Mitt Romney's from an old liberal Rockefeller Republican family (semi-secret: Mormons aren't really conservative) and was a try at having a good-looking gentile face/frontman for the above, maybe even good for suckering evangelicals (the Jewish neocons perhaps not realizing that serious evos know Mormons aren't Christian), who in mainstream politics have no one else to turn to anyway. Also what the Bushes really are. All nice guys personally but be aware.

    "The capital of the U.S. ought not to be Tel Aviv."

    Some history: Democrats (when liberals were well-meaning Cold War anti-Communists, including the Jews who became the neocons) got us into Korea and Vietnam; Republicans got us out. They lied about Goldwater wanting to blow up the world. Reagan (I voted for him) didn't escalate in Lebanon. Neither party's a peace one now but the GOP has a better track record.

    *Which doesn't help the working man. The top men pocket the profits now. There really are no countries anymore; the elite now have no loyalty to us.

    Sunday, February 08, 2015

    Tribal vs. universal

    Continuing "Ice people vs. sun people":
    Good points, John, but nonocracy (rule of law) as we understand it today seems to be peculiar to the Anglo-Saxons of the British Isles. Other Northern Europeans (esp. the Germans) tended more towards authoritarianism. In fact, the roots of nonocracy can be traced to the old Roman Republic, which was Southern European.

    Also, wasn't the Roman Catholic Church basically an Italian invention? You can't get more universalist than that.

    Over the past century a lot has been written in the "nature vs. nurture" debate. At one point the hereditarians (who espoused genetic determinism) held the field. Since the 1960's we've been inundated with the propaganda of the Left who subscribe to behaviorism, social and environmental determinsm. The truth lies somewhere in the middle. Adding the nascent and growing field of epigenetics only promises to make the debate that much more interesting.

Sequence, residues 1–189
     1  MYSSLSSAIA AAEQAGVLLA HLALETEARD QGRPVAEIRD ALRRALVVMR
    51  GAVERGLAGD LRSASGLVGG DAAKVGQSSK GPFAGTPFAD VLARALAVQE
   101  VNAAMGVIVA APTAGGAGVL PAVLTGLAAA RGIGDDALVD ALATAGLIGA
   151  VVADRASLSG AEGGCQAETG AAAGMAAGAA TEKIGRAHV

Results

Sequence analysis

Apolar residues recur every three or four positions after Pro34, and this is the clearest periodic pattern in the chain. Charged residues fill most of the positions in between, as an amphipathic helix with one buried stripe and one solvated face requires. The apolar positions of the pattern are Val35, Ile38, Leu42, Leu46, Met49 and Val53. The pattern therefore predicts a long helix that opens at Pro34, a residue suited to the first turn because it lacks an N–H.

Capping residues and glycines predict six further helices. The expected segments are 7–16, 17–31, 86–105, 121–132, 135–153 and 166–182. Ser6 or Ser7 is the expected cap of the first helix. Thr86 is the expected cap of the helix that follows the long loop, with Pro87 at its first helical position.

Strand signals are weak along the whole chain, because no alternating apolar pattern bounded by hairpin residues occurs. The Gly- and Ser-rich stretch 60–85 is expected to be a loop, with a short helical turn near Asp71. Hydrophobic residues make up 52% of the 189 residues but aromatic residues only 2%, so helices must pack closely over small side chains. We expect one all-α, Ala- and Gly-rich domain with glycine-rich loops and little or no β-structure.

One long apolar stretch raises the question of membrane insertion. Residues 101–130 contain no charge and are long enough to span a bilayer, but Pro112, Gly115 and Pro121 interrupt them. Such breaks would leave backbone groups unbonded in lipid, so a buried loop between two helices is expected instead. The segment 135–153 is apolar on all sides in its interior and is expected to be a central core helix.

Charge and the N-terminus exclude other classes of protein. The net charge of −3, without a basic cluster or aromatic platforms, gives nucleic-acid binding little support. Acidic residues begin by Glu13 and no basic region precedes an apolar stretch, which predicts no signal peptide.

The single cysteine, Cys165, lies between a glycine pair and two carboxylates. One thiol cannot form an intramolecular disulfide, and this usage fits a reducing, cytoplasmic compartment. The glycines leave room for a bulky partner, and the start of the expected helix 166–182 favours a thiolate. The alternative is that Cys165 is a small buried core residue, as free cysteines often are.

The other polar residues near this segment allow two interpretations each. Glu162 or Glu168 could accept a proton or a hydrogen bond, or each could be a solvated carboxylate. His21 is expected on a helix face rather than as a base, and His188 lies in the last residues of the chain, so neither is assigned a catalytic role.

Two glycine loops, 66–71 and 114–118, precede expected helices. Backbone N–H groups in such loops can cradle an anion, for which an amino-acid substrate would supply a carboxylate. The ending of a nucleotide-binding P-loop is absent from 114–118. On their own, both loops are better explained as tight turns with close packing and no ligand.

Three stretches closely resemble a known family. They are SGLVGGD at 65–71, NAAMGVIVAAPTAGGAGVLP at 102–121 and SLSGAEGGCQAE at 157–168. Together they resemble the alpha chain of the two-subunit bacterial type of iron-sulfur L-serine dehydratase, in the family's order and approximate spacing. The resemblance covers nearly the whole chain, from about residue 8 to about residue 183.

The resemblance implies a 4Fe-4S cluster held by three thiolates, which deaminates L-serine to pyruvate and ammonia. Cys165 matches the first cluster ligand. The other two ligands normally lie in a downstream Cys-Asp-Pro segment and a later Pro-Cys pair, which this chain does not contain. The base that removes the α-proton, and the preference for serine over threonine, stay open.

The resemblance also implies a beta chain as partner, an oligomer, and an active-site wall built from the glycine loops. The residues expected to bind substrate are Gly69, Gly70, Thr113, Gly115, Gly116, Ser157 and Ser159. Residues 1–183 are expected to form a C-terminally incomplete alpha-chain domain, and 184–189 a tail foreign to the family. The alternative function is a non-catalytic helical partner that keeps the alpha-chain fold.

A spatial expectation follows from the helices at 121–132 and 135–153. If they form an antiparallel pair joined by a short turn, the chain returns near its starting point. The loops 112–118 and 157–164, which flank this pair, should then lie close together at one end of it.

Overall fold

It is funny how in the case of homosexuality they say no... no... it's entirely nature. The glaring exception to their rule.
    Steve Sailer has pointed out that much of our culture such as rule of law is uniquely English.

    Humanly speaking, the Catholic Church grew out of a still tribal, non-universal culture, Judaism, plus late classical Greek culture (the Greek language, and Plato's and later Aristotle's ideas, feeding our universality), fusing them. It happened (providentially, if you will) to convert the Italians and happens to be based within what's now Italy (Rome, once the headquarters of the Western world, ruling both the Jews and the Greeks).

    Sidebar: the Orthodox think their tribes ARE the church, one of their weaknesses. The defining Slavic-American Orthodox myth is that their leaving Catholicism in favor of their ancestral customs was a return to the true faith. Those customs are good, but their tribes aren't synonymous with the church. Then their third generation in America leaves when they're not culturally Greek, Slavic, etc. anymore. People who are really spiritual eventually see through the tribalism and parochialism. In theory their doctrine is as universal as ours, but in practice they're what I describe. Partly why their Western Rite experiments are tiny: most Westerners so inclined become or remain Catholic, and in their hearts the Orthodox don't want it. It's not of their tribes.
    Cultures often borrow heavily from one another. Only isolated places (like islands) don't follow this rule. Even the Japanese adopted Confucianism and Buddhism early in their history. As I pointed out earlier, nonocracy (rule of law) was something created (in its modern form) by the English. No one else in Northern Europe at that time had anything approximating it. However, Anglo-Saxon culture was significantly influenced by the Mediterranean cultures of Rome, Greece and Judaea. As I learned in college, the roots of nonocracy can be found in the Constitution of the old Roman Republic, what most historians consider the first true republic in history.
    "Cultures often borrow heavily from one another." The French invaded England, changing our language forever. We're still a Germanic language (sharing 60% of our vocabulary with German so our respective literature translates well in both directions) but we went from sounding like the Germans and the Dutch to something we understand today, taking the guttural edge off our sound. English is a Germanic language that sounds like it's pretending to be a Romance language because of all the stolen words.